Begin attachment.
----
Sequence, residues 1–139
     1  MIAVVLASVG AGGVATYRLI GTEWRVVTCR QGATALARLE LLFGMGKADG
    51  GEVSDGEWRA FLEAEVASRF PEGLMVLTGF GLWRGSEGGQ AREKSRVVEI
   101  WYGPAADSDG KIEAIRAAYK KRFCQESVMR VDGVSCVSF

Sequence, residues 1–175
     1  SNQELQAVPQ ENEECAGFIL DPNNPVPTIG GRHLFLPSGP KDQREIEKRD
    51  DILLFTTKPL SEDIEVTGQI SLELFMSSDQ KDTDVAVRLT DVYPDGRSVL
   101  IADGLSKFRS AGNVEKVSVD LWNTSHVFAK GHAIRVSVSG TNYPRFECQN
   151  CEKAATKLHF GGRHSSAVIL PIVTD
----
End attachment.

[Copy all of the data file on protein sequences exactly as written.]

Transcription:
Sequence, residues 1–139
     1  MIAVVLASVG AGGVATYRLI GTEWRVVTCR QGATALARLE LLFGMGKADG
    51  GEVSDGEWRA FLEAEVASRF PEGLMVLTGF GLWRGSEGGQ AREKSRVVEI
   101  WYGPAADSDG KIEAIRAAYK KRFCQESVMR VDGVSCVSF

Sequence, residues 1–175
     1  SNQELQAVPQ ENEECAGFIL DPNNPVPTIG GRHLFLPSGP KDQREIEKRD
    51  DILLFTTKPL SEDIEVTGQI SLELFMSSDQ KDTDVAVRLT DVYPDGRSVL
   101  IADGLSKFRS AGNVEKVSVD LWNTSHVFAK GHAIRVSVSG TNYPRFECQN
   151  CEKAATKLHF GGRHSSAVIL PIVTD